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Game Trend: Kemba-less Hornets can’t keep up for 48 minutes

The Charlotte Hornets made a game out of their contest at Boston with good defense, yet failed to execute down the stretch.

NBA: Charlotte Hornets at Boston Celtics David Butler II-USA TODAY Sports

It came as no surprise that the Charlotte Hornets struggled on offense in a game where they were missing Kemba Walker. Walker is 13th in the league in usage rate and has displayed efficient play in his huge role by posting a true shooting percentage of 57.9, good for the eight place among the 20 most used NBA players.

The Hornets team had to fill those possessions against Boston with a roster that doesn’t have many other options. Nicolas Batum can facilitate for teammates but doesn’t get much more than semi-contested jumpers for himself. Starters Marvin Williams, Michael Kidd-Gilchrist and Cody Zeller rely on others for good looks. Offensive-minded players like Marco Belinelli and Jeremy Lamb can always create a mid-range shot for themselves, yet aren’t relied upon for finding teammates.

There isn’t a whole lot of puncturing the defense and forcing rotations between those players, something that can be expected from the nifty Walker in the pick-and-roll. An offensive rating of 86.8 for the game probably underestimates the decent showing the Hornets put up, yet proves the point nevertheless.

Due to those offensive woes, the Hornets had to defend well in order to hang around and make a low-scoring, close game out of this contest.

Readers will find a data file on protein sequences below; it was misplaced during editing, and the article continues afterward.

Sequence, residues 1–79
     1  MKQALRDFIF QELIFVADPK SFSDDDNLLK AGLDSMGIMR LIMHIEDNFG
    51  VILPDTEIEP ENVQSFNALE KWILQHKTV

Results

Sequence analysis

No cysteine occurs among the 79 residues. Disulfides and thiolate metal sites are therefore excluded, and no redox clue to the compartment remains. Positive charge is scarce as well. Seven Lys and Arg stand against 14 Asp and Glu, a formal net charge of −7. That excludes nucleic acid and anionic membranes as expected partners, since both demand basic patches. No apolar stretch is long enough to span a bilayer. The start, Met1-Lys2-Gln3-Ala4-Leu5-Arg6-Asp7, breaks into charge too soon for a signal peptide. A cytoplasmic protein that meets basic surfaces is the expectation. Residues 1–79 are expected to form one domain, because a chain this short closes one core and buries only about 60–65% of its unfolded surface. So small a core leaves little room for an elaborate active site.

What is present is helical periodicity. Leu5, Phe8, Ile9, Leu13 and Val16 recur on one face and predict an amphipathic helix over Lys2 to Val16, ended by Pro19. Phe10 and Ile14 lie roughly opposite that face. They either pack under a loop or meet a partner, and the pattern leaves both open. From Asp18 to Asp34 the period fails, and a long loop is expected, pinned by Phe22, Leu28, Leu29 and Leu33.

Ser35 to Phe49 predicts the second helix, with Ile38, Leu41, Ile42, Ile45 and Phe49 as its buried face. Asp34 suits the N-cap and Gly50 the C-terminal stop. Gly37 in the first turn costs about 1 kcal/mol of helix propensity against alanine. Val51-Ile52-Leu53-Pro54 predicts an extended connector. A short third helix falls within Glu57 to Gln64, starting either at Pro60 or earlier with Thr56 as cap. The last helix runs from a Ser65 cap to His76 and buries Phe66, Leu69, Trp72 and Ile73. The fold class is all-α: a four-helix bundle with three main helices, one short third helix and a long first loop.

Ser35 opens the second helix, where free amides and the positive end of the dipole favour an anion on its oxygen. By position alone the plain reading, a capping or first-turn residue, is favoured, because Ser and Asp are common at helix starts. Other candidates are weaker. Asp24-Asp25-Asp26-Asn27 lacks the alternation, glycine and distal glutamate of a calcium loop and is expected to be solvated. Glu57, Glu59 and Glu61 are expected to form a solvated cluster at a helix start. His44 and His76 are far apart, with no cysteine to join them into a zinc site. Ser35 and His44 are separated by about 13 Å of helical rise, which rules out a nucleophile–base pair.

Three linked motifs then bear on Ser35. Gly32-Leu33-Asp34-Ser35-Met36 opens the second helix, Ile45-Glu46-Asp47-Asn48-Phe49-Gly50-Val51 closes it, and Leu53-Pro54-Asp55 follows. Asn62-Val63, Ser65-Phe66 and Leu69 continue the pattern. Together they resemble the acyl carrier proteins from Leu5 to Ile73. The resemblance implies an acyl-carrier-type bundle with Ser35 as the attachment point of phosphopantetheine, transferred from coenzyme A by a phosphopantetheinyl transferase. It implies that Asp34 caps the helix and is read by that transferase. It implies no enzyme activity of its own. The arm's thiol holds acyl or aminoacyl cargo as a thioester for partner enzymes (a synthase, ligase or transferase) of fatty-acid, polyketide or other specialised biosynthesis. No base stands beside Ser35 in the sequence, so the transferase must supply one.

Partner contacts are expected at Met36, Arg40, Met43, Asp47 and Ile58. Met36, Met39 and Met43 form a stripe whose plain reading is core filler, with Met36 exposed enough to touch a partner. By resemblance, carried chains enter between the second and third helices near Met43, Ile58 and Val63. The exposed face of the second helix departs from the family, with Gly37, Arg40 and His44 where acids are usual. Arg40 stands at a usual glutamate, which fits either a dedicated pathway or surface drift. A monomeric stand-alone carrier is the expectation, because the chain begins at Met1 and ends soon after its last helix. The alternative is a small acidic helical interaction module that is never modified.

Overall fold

When the Hornets first reached their biggest lead of 12 with 8:25 left in the third quarter, they had registered 10 steals on Boston’s 11 turnovers. That huge percentage of live ball turnovers is a testament to Charlotte’s active defense and how they were the ones to cause them rather than the Celtics themselves committing errors.

Two dives to the floor by Marvin Williams early in the third quarter to ensure possession of the ball for the Hornets after a poke away are the signature plays of this stat.

However, it wouldn’t last the whole game as the Hornets fell apart mid-way through the fourth quarter and basically gave up 10 points in one minute.

An unnecessary flagrant foul by Marco Belinelli (reminiscent of the and-one Jason Terry had against him in the season opener) helped Boston to a 4-point possession. Isaiah Thomas made a 3-pointer. Avery Bradley hit another one. Game over.

The three by Bradley came in well known circumstances, to boot. The ball handler was allowed to get to the middle (Thomas wasn’t ICE’d in the pick-and-roll) and a Hornets perimeter player helped on penetration from one pass away:

That’s a trend we’ve touched on after the Detroit Pistons set their season-high for 3-pointers made against Charlotte.

Overall, it was a valiant effort where some extra luck or better play on a couple of possessions could have helped Charlotte to a surprise win on the road.

Some other observations:

17 offensive rebounds — the fourth most Charlotte has snagged under head coach Steve Clifford and his preference to abandon the offensive glass — helped the Hornets to 20 more field goal attempts than the Boston Celtics attempted, which hypothetically was the advantage the team needed without Walker.

(Meanwhile it’s another season of defensive rebounding struggles for an Al Horford team with the Celtics 25th in DREB%.)

Perhaps, one might say that Charlotte got all the looks it needed for a win, yet some randomly horrible misses prevented that from happening. All of Frank Kaminsky, Michael Kidd-Gilchrist and Cody Zeller managed to botch point blank layups:

Kaminsky and Spencer Hawes — supposed 3-point specialists who do fire up the occasional and inexplicable bad brick — also chimed in with some airballs from three:

But, hey, at least MKG hit a 3-pointer!

By my calculations he had played 763 minutes since making his last three, which came against Chicago in February of 2016.

In related news, only Lance Stephenson and Shaun Livingston have clocked more than 100 minutes as perimeter players in the NBA in 2016-17 and not hit more than one 3-pointer.